Police on Friday uncovered the remains of 63 babies and fetuses left in boxes and a freezer at a Detroit funeral home, the second such grisly discovery in the past week. Perry Funeral Home was shut down after police found the bodies of 36 babies or fetuses stored in boxes and another 27 bodies in freezers. Some of the dates of death went back to 2015. Last week, police found 11 babies at a separate funeral home in the city.
“I’ve never seen anything [like this] in my 41 and a half years,” Detroit Police Chief James Craig told reporters Friday. “I’m stunned. My team is stunned. God help those families,” he said.
The search came after a press conference last week announcing the discovery at the Cantrell Funeral Home led a man to tip police off about Perry Funeral Home.
“A parent saw that and told his attorneys to contact police,” Craig said. “I hope this is isolated to these two, but I can’t say that with certainty. So this is much larger than we might know,” he said.
State police, the attorney general’s office, and the FBI are all gotten involved in the investigation, Craig said. The Department of Licensing and Regulatory Affairs has suspended the license of both Perry Funeral Home and its director, Gary Deak, for “improper storage of bodies resulting in an imminent threat to public safety.”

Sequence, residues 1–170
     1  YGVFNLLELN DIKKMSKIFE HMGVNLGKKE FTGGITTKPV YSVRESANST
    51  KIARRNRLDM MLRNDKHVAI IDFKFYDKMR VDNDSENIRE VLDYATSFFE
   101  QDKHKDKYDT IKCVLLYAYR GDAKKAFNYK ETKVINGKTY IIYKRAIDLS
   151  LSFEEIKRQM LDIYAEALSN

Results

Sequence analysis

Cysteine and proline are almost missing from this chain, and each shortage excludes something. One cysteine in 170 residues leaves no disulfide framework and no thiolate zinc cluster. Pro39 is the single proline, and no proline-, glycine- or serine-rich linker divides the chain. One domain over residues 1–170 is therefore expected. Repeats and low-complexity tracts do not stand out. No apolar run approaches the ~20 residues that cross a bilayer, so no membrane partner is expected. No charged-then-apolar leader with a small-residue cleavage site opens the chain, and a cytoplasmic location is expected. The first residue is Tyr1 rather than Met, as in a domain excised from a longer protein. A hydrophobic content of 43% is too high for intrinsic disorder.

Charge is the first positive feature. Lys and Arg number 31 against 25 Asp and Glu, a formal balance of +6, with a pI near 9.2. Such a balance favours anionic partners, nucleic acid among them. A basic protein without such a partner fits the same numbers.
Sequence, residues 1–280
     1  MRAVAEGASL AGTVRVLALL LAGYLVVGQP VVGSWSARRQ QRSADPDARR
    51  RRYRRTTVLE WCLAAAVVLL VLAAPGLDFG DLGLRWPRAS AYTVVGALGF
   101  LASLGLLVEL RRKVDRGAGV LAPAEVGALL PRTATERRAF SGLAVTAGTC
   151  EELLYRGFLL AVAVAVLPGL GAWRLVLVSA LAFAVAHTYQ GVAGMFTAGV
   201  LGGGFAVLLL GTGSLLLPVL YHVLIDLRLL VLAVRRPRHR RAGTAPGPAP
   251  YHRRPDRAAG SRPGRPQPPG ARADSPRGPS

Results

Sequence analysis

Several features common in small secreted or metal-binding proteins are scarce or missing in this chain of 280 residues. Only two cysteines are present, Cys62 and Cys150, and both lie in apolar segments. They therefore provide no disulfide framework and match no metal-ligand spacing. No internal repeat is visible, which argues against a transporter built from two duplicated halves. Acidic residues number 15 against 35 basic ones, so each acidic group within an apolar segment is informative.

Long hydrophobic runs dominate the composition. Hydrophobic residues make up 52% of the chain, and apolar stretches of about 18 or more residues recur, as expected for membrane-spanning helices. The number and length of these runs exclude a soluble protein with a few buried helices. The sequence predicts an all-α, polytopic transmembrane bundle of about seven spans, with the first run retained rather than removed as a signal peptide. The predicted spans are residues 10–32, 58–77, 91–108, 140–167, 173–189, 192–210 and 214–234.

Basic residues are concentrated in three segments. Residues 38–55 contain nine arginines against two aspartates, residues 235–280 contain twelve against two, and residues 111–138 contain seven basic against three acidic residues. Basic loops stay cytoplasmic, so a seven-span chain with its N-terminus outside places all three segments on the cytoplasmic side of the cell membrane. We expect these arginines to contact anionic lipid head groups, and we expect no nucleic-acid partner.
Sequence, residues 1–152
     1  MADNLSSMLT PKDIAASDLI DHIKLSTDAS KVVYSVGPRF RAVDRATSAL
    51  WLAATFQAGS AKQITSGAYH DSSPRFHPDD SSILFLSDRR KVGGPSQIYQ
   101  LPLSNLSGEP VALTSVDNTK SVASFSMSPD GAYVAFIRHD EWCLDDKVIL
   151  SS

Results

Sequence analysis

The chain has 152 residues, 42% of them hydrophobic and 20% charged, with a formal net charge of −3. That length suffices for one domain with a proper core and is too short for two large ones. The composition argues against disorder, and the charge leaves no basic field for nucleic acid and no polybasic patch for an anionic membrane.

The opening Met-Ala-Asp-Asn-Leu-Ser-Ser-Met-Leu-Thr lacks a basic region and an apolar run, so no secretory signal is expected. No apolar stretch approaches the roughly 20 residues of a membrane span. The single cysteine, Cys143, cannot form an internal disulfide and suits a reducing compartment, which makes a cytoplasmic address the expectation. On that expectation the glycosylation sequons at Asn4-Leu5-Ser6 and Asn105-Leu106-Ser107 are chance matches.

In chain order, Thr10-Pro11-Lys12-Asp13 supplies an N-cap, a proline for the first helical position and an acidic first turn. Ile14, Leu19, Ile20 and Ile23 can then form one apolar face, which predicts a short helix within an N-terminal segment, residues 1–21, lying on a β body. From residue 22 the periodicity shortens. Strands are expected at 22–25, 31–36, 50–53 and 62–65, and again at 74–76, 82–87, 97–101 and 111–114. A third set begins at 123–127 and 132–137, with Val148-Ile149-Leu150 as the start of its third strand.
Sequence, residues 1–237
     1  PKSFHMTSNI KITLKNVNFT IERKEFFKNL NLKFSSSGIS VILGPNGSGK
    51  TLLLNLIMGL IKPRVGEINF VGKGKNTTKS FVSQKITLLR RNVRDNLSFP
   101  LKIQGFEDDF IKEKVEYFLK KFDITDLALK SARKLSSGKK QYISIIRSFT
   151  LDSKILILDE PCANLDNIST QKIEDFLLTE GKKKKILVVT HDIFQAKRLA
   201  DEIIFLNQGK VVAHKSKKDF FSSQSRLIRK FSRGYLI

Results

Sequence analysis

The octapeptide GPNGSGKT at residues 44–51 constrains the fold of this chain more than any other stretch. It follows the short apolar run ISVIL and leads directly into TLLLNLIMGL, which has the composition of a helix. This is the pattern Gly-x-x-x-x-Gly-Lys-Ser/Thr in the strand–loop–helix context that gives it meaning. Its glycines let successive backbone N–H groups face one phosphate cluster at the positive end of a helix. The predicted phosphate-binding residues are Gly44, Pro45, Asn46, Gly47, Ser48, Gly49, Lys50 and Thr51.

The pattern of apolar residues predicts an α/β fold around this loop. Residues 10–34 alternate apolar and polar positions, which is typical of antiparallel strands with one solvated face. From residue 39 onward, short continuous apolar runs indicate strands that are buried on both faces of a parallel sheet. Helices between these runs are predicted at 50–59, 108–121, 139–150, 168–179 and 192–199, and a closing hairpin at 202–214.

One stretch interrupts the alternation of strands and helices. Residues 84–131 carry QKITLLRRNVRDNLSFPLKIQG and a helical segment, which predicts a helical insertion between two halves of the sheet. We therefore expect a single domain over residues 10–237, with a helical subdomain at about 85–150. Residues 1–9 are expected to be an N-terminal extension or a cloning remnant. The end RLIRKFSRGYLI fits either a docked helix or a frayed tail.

The parent who tipped police off to alleged violations at Perry, Larry Davis, has already filed a civil lawsuit against the funeral home along with his wife, Rachel Brown, alleging that the body of their late infant daughter was improperly stored.
The lawsuit alleges that the funeral home filed at least seven other fraudulent death certificates in connection with other deceased babies.
Peter Parks, a lawyer representing Davis and Brown in their suit, said Friday that he hopes to expand the case to make it a class-action lawsuit and represent dozens of other families believed to have suffered from improper burials at Perry, according to the Detroit Free Press.
Parks said the situation “involves issues that quite clearly touch on matters that as a society we hold as sacred.” Up to 200 babies’ remains may have been improperly kept by Perry Funeral Home, according to Parks and his co-counsel, Daniel Cieslak.
The lawsuit filed by Parks and Cieslak also alleges that Medicaid fraud may be behind the improper burials, claiming that the funeral home billed Medicaid, the state of Michigan, and the Detroit Medical Center for burials that it never performed. While it remains unclear how much money may be involved in such an alleged scheme, Parks said it “must be significant.”
Detroit police say they have no evidence at this point that the violations at the Perry Funeral Home and Cantrell Funeral Home are related. Homicide detectives raided the offices of a third funeral home Friday, the QA Cantrell Funeral Home in Eastpointe, on Detroit’s border, to determine if there is any connection there with the bodies of babies found in the ceiling of the Cantrell Funeral Home. They confiscated computers, business cellphones, and paperwork but have not yet released their findings. A spokeswoman for the Detroit Police Department declined to comment on that investigation.